Crowns (or caps) are indicated when teeth are heavily-filled or severely damaged. If the tooth in question has had Root Canal Therapy (RCT), it will normally be re-inforced with a metal post, forming part of the foundation for the overlying crown. Teeth can only be crowned if their supporting tissues (the gums and bone) are in a healthy condition.
Crowning a tooth involves preparing back the outer surface of the tooth, leaving a slightly smaller version of the tooth. This surface removal of tooth structure allows space to accommodate the crown which acts like a protective shell over the tooth. This shell prevents the weak tooth from splitting or the large filling from crumbling away.
Once a tooth is crowned, instead of the heavily restored tooth requiring refilling every 2-3 years, it becomes a very low maintenance tooth.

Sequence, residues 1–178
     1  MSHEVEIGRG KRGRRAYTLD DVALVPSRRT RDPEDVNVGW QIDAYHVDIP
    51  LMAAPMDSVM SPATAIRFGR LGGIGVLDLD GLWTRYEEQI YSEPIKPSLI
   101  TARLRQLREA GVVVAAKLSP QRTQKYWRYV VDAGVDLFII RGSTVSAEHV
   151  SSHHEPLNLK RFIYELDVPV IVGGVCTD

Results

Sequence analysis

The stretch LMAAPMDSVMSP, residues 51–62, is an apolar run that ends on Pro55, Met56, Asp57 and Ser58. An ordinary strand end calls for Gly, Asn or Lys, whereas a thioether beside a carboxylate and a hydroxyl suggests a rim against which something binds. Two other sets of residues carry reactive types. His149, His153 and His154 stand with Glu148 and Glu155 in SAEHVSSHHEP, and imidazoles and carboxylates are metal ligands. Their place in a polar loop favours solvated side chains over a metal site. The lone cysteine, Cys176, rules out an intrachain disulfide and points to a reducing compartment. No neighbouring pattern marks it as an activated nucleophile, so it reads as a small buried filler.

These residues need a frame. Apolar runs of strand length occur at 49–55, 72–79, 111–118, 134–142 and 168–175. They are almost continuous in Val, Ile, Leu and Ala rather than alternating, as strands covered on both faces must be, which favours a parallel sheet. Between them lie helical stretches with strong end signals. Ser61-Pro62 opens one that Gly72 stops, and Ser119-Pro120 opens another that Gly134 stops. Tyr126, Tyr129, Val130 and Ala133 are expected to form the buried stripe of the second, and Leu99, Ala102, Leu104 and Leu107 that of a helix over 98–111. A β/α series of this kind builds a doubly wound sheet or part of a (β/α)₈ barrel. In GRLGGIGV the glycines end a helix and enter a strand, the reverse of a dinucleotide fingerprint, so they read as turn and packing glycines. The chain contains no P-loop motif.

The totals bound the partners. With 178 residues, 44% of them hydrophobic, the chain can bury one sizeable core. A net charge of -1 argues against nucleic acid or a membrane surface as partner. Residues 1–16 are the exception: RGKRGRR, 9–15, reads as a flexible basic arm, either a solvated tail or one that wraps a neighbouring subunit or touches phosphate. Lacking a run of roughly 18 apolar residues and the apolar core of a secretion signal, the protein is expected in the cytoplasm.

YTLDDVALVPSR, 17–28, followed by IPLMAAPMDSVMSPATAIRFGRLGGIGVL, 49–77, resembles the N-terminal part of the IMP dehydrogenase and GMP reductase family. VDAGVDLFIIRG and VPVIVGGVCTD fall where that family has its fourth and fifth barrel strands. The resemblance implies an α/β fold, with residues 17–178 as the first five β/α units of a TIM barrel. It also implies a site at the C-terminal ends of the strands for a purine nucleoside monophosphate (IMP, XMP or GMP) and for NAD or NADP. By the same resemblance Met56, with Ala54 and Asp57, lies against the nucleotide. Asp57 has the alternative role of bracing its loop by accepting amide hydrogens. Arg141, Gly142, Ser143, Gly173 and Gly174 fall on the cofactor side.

Bridgework follows the same concept as crowns in protecting heavily-filled teeth, however, it also closes spaces between one or more missing teeth. Again, both supporting teeth must have healthy supporting tissues.
Dental implants may also be considered before deciding on any bridgework. Despite being more expensive they have the advantage of the new tooth ‘standing on its own two feet’. This means not involving the other adjacent teeth. However, bridgework may still be preferable to implants if these supporting teeth are heavily restored. Bridging them would improve their strength as well as restore function to the area where teeth were missing.
A crown (left) and a bridge (right) are strong and durable replacements for natural teeth.